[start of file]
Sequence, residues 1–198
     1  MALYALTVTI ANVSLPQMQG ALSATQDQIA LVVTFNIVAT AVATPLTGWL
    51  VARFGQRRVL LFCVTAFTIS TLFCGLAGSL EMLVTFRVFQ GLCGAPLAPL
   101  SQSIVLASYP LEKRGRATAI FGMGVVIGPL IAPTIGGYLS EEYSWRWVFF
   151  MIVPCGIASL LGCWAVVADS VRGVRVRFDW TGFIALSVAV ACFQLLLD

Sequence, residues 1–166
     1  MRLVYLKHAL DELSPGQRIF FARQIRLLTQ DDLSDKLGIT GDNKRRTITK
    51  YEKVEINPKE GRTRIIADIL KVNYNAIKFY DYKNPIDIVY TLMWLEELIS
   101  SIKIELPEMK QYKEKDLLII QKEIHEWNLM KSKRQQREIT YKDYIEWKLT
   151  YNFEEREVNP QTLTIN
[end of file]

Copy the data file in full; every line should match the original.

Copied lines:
Sequence, residues 1–198
     1  MALYALTVTI ANVSLPQMQG ALSATQDQIA LVVTFNIVAT AVATPLTGWL
    51  VARFGQRRVL LFCVTAFTIS TLFCGLAGSL EMLVTFRVFQ GLCGAPLAPL
   101  SQSIVLASYP LEKRGRATAI FGMGVVIGPL IAPTIGGYLS EEYSWRWVFF
   151  MIVPCGIASL LGCWAVVADS VRGVRVRFDW TGFIALSVAV ACFQLLLD

Sequence, residues 1–166
     1  MRLVYLKHAL DELSPGQRIF FARQIRLLTQ DDLSDKLGIT GDNKRRTITK
    51  YEKVEINPKE GRTRIIADIL KVNYNAIKFY DYKNPIDIVY TLMWLEELIS
   101  SIKIELPEMK QYKEKDLLII QKEIHEWNLM KSKRQQREIT YKDYIEWKLT
   151  YNFEEREVNP QTLTIN